Dean’s Notes is a periodic feature of LMU This Week where the university’s academic leaders share their perspectives with the community. The deans of LMU’s seven schools and colleges will provide updates on priorities, policies, events, challenges, and areas of interest.
Bryant Keith Alexander, dean of LMU College of Communication and Fine Arts, writes:
There is a mantra that I often use to describe the College of Communication and Fine Arts. We are a college that is highly invested in “communication as art and art as communication.” The phrase is not just a clever aphorism. It is used as a locational device relative to defining the disciplines that comprise the college: Communication Studies, Theatre Arts and Dance, Music, Art and Art History, and Marital and Family Therapy with a special emphasis in art therapy; along with a program in Interdisciplinary and Applied Studies. It also serves as a method of explicating the critical intentionality of these disciplines, as it speaks to the interrelated commitments of the college.
In which case, communication through an Aristotelian perspective references an on-going effort to find “all the available means of persuasion”; all the available means of critically sharing ideas, beliefs and values that give self and others greater access to knowing and thus empowering the human spirit in diverse personal, social and political contexts towards positive action. This notion is deeply connected to the aspect of our LMU mission that speaks to “the education of the whole person”; or the embedded quest toward information, formation and transformation. Communication as an enactment for providing diverse bits of information to help people deepen their formation – meaning their sense of belief, commitment and passion; then using that hopefully altruistic and humanistic commitment to help to transform the world in which we live. This also resonates within the Gandhi-inspired thematic of our own university president, when he invites us to “create the world we want to live in.” We know and understand communication as one of the most fundamental aspects of human sense-making and hence, one of the most powerful tools that can help to transform lives, to better human social and intercultural relations, and thus to help save the world in which we live.
The second component of the mantra speaks to the power of art. Not just art as aesthetic pleasure or entertainment — though corporeal pleasure and psychological calm do have the potential to open the soul for spiritual uplift, bringing us closer to the divine. The arts at LMU serve at the nexus location where the critically intellectual, artistic and service-activist traditions of the three contributing religious orders of the university meet and find their most bracing presence at LMU. A location and set of performative practices that exalt the power and potential of the arts as sacred medium to the divine; the arts as mode and methodology of activism that illuminates the human condition; and the arts as a creative endeavor that uses both imagination and critical intellect to mirror, as to critique, the world in which we live — providing impetus and a template to re-imagine the world. We invite audiences and viewers to witness, then to commit to their role in social transformation.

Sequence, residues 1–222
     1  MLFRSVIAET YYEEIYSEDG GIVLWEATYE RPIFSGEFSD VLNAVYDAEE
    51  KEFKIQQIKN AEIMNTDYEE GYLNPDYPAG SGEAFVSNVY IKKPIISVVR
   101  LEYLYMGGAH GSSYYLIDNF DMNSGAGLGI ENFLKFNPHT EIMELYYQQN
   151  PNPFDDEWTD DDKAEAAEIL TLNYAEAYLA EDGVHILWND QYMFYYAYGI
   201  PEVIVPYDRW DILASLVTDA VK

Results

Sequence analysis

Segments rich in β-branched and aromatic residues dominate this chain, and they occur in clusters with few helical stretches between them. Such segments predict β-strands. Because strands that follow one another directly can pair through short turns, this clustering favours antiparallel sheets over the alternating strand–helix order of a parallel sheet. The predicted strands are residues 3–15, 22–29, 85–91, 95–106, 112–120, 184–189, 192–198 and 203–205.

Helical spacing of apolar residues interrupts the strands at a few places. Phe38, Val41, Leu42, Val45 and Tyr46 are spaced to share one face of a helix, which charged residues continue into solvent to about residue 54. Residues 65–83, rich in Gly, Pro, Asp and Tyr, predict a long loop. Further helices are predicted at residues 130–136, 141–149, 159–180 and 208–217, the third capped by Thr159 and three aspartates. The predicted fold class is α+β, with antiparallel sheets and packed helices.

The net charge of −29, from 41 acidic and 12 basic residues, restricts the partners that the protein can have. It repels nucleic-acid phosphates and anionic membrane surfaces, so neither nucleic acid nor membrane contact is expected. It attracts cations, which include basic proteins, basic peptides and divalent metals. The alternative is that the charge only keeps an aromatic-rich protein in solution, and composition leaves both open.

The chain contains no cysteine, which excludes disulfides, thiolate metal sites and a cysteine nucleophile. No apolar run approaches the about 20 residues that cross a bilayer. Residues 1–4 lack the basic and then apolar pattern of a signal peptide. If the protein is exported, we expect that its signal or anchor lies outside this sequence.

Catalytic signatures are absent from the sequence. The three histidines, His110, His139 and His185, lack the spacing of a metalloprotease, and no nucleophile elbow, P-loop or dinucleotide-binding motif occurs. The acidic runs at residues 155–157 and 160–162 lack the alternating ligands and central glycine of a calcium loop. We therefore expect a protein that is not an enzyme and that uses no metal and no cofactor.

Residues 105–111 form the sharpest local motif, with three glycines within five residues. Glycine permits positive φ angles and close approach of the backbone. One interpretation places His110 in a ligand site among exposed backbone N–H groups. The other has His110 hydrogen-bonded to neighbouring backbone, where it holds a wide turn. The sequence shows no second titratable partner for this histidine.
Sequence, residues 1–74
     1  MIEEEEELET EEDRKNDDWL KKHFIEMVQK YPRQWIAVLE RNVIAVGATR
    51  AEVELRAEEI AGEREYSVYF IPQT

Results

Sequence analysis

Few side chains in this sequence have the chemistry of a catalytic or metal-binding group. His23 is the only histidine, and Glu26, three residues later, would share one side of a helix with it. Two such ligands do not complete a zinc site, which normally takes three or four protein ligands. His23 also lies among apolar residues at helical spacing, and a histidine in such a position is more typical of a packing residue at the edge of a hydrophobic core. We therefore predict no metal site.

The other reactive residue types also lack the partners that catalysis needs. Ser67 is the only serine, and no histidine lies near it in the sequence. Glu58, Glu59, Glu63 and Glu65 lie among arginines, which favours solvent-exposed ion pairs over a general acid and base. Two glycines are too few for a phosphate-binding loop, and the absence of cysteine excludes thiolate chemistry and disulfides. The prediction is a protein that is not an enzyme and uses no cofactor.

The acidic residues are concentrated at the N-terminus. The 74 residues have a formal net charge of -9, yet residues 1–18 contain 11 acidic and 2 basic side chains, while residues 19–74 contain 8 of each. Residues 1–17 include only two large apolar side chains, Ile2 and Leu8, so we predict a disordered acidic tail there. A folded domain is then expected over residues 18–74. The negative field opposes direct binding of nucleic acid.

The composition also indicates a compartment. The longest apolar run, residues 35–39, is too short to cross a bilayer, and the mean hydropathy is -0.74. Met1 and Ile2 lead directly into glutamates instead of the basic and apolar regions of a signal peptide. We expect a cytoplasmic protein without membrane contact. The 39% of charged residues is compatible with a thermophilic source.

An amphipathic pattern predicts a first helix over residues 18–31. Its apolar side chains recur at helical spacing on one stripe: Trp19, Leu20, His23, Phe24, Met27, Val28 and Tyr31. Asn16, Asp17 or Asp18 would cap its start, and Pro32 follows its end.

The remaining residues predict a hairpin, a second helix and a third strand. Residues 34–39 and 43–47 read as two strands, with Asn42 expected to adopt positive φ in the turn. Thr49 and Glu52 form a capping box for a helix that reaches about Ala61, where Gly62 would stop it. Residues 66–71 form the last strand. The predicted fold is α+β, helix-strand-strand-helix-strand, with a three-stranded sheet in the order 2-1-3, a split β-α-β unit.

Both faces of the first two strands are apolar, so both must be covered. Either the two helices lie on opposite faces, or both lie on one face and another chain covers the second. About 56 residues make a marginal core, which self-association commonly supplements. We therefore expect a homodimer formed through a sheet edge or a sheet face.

The interconnectivity of art as communication and communication as art speaks to the necessary crafted articulation of ideas in differing forms that each engage and command our attention and our heartfelt response towards human sorrow, inequity and our own potentiality. And then beckons that we move toward positive action in the everyday situations in which we witness these conditions play out in real time. Each, communication and art, serve as a performative act with intentions toward meaningful social action. Performative, in this sense, as a reference not to an entertainment, but the necessary gestural action of a thing done; of acting on the transformative potentials to which each signal – as a doing on the stage, on the page or on the canvas – stirring thought; to make manifest one’s passions for political purposes. This plays out in the over 100 events that we sponsor each year that include staged plays and readings, dance concerts, lectures, symposia and workshops, art exhibitions and salons, public and intercollegiate debates, and immersive and applied art therapy practices.
CFA comes fully alive — as a commitment to the principles that guide our disciplines; as a commitment to the mission of the university; and as evidence of the importance of communication and the arts to our collective humanity. As we look to our immediate and long-term future, we imagine reinvigorating our performance practices with a new Performing Arts Pavilion, the renovation of Strub Theatre in the historic Foley Building for contemporary theatre practice, the anticipation of the Drollinger Performance Stage in Lawton Plaza for a range of artistic and communicative practices, expanding technical and academic spaces throughout the college, while also expanding our ability to provide more students with scholarships, internationalizing experiences and broadening our curricular programing along with deepening and diversifying our faculty. We are planning for all this with welcomed partnerships with the university, collaborators, friends and donors to our possibility and collective investment.
When we as a collective LMU community state that we seek to become a “hub of creativity,” that messaging speaks to the importance of critical thinking that gives rise to imagination and innovation in problem solving — both locally and globally. While such lofty imagining is not exclusive to the disciplines of CFA — we have a crucial role to play as we live and rehearse a critical praxis every day; always actively reimagining and remaking the world in which we live.